Nobody knows better than New England Baptists how ministry is changing in America. And that shouldn't surprise us. They've been at least a generation ahead of the rest of us for a couple hundred years. They practically invented evangelicalism in the 1740s. That was nearly a century before my home state (Arkansas) was admitted to the union. And while many of us west of the Mississippi fear the creeping influence of secularism, our New Englander brethren minister in the least religious states in America.
Fortunately, they are also a generation ahead of us in recovering the critical ministry value of faithfulness.
Earlier this year, I spent a long weekend with a group of Baptists from Vermont and New Hampshire. Before an evening session, one pastor reflected on the fact that the Bible only records three years of Jesus' life and ministry. If Jesus died at 33, then we only know about ten percent of his life. Or, as this pastor put it, that means Jesus' life and ministry was "ninety percent obscurity."
That's a feeling with which he and his fellow shepherds could relate. The Baptists were once the leading spiritual lights in New England. Following the Great Awakening, Baptist churches grew in massive numbers. Within about sixty years of the revival, Baptists grew from just dozens to nearly twenty-five thousand in New England. Those swelling ranks had influence beyond the church world. They carried with them considerable cultural clout. The Baptists did a lot to see the first amendment added to our constitution, for example, to ensure religious liberty for dissenters like themselves. They were a thriving, culturally relevant force.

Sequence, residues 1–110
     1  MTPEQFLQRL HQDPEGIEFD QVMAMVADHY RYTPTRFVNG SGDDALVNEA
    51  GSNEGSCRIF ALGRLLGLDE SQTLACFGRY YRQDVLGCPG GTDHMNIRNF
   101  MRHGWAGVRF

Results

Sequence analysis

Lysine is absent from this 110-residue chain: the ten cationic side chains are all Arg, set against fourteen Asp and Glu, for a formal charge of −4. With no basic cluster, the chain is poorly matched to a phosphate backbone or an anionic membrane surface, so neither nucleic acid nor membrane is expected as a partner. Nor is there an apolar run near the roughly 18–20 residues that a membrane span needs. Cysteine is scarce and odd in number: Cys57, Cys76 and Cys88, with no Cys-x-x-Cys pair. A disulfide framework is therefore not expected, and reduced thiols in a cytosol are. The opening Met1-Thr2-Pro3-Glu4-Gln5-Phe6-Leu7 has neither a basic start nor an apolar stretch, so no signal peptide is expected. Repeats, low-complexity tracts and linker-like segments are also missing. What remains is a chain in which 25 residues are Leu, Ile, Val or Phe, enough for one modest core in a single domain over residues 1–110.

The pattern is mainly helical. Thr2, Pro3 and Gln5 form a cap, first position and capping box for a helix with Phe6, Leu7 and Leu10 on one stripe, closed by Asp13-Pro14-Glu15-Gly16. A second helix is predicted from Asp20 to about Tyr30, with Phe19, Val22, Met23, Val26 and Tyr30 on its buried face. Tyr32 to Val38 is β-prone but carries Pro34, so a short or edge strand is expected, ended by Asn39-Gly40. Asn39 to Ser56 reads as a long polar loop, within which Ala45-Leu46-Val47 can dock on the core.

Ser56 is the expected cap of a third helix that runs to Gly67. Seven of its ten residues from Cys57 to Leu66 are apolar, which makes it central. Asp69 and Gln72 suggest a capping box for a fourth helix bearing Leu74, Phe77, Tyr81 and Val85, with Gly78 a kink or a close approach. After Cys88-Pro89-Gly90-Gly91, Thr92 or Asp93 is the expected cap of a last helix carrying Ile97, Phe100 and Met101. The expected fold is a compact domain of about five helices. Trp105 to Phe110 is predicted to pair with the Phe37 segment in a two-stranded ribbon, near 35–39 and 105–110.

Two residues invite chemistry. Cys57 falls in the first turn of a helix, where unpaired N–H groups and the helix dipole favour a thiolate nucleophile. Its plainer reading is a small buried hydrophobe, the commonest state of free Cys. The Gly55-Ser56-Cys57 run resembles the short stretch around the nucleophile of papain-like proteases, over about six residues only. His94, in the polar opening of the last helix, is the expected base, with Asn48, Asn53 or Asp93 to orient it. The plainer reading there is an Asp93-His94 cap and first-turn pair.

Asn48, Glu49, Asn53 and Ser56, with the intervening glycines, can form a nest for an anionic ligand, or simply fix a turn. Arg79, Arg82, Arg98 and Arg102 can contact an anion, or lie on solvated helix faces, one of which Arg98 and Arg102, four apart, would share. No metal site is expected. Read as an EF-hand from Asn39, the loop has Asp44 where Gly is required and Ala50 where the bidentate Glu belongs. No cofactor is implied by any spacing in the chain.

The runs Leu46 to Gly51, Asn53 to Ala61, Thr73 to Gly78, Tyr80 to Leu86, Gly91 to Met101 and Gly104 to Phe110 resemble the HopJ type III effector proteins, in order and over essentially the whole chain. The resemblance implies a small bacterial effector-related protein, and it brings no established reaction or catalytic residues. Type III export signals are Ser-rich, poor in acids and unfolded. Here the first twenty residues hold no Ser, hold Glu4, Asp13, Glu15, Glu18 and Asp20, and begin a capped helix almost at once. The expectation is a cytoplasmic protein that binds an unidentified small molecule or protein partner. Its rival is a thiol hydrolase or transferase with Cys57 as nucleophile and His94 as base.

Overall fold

But now the region's churches are shrinking. Several of the pastors present that weekend hold services in church buildings erected in the 1740s which, on the one hand, testifies to the longevity of the movement. On the other, it speaks to a certain stagnation, a leveling off of 200 years of growth. Many pastors are bi-vocational, because their membership can't support a full-time minister. And instead of being a shaping influence in the broader culture, the churches are fighting to prove their relevance in their profoundly secular environment. They labor in obscurity.
At the risk of sounding like a forecaster of doom, their story is our national story. It's how we often tell our story, anyway. There were days when people went to church—most people, maybe. When the church was a cultural force for change for the better. Times have changed and are changing. If we want to know what awaits us in a generation, we need only look at New England.
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